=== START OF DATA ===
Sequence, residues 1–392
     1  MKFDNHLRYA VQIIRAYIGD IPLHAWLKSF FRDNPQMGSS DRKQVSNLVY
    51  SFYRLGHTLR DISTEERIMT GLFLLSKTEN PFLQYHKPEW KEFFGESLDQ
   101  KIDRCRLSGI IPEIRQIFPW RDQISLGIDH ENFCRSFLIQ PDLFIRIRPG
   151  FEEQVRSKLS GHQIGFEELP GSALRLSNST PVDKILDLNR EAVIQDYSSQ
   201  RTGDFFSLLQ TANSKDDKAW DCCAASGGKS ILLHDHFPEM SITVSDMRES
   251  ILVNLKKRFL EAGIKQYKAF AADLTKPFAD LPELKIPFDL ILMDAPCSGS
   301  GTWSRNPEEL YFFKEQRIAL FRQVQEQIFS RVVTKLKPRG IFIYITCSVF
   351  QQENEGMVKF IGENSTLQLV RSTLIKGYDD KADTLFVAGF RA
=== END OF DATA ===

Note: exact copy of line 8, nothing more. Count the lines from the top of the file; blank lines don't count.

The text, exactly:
   301  GTWSRNPEEL YFFKEQRIAL FRQVQEQIFS RVVTKLKPRG IFIYITCSVF